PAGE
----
While in the foregoing description the three kinds of specified patterns of bipolar code have been described for illustration purpose only, the kind of pattern as well as the type of pulse code is not limited thereto. For example, with a receiving signal in the form of a binary code pulse, a specified pattern such as represented by "0, 0, 1, 0" or at least one of "0, 1, 0" and "1, ∓1, 1" in a 4B3T pulse which are three-bit ternary codes converted from four-bit binary codes may be used.

Patent Citations
Cited PatentFiling datePublication dateApplicantTitle
US4295222 *Feb 8, 1980Oct 13, 1981Telecommunications Radioelectriques Et TelephoniquesArrangement for restituting the clock for a receiver of data transmitted by phase modulation of a carrier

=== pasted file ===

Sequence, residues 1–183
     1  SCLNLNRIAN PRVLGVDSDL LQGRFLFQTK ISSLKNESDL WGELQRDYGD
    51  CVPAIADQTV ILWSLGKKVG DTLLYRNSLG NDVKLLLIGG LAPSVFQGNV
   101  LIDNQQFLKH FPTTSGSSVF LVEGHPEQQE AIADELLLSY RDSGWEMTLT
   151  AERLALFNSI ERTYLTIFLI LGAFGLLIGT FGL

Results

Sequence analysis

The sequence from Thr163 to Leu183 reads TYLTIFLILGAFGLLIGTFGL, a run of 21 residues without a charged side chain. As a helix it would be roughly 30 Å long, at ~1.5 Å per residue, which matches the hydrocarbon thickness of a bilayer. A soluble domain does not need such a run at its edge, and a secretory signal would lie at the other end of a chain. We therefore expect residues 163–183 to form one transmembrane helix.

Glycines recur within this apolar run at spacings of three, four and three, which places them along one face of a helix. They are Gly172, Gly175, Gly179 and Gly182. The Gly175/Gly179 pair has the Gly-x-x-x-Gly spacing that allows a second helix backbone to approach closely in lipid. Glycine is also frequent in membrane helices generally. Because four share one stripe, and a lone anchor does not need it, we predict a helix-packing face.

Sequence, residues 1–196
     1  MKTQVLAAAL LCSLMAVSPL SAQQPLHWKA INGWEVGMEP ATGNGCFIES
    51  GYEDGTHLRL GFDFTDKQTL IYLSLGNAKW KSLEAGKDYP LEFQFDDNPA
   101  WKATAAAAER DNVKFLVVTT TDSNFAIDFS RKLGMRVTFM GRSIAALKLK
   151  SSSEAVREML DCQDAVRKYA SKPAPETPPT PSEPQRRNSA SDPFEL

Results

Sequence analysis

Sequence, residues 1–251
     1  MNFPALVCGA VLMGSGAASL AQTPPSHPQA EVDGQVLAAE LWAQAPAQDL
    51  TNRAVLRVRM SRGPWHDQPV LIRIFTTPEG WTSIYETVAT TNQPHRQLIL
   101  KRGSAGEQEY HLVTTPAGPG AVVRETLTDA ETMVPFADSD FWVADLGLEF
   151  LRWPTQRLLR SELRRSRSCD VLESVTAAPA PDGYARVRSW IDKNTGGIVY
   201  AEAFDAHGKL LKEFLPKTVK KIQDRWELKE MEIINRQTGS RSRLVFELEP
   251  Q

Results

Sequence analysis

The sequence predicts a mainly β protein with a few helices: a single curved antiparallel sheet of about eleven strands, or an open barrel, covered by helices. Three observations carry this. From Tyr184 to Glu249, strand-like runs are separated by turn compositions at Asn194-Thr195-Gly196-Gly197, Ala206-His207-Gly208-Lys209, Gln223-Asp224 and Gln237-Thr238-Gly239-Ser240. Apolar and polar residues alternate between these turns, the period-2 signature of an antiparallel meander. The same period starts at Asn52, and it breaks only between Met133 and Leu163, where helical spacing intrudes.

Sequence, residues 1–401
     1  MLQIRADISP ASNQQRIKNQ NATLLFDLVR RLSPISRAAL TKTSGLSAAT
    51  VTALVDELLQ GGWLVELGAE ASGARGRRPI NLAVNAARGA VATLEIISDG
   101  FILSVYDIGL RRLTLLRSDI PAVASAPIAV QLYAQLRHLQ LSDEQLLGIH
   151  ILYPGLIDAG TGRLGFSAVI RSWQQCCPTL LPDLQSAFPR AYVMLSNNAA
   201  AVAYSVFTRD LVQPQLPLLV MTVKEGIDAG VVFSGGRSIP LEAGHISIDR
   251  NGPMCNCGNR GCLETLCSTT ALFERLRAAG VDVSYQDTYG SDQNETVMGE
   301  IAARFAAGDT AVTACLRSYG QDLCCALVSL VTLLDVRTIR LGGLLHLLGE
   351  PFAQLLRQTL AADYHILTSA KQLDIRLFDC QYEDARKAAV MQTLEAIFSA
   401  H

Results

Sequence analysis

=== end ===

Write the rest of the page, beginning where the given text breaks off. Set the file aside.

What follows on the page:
US4404680 *Nov 3, 1980Sep 13, 1983Telex Computer Products, Inc.Digital phase synchronizer
US4577334 *Nov 9, 1984Mar 18, 1986Ncr CorporationDigital data receiver including timing adjustment circuit
Non-Patent Citations
1"A New Equalizing Scheme for Digital Subscriber Loop," IEEE, 1981 .
2 *A New Equalizing Scheme for Digital Subscriber Loop, IEEE , 1981 .
Referenced by
Citing PatentFiling datePublication dateApplicantTitle
US5123030 *Mar 12, 1990Jun 16, 1992Hitachi, Ltd.Timing extraction method and communication system
US5237590 *Dec 11, 1991Aug 17, 1993Hitachi, Ltd.Timing extraction circuit and communication system utilizing the same
US5259004 *Mar 8, 1991Nov 2, 1993Fujitsu LimitedFrame synchronization dependent type bit synchronization extraction circuit